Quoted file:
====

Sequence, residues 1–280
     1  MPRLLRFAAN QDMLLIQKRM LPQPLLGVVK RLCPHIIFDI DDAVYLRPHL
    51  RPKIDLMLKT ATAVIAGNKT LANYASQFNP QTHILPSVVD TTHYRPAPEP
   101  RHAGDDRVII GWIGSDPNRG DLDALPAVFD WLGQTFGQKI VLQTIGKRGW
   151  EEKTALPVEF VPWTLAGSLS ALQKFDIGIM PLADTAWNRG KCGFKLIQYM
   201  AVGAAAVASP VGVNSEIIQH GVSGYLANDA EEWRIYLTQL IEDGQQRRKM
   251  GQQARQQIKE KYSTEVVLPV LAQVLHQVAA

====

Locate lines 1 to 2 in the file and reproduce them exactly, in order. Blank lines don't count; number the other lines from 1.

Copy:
Sequence, residues 1–280
     1  MPRLLRFAAN QDMLLIQKRM LPQPLLGVVK RLCPHIIFDI DDAVYLRPHL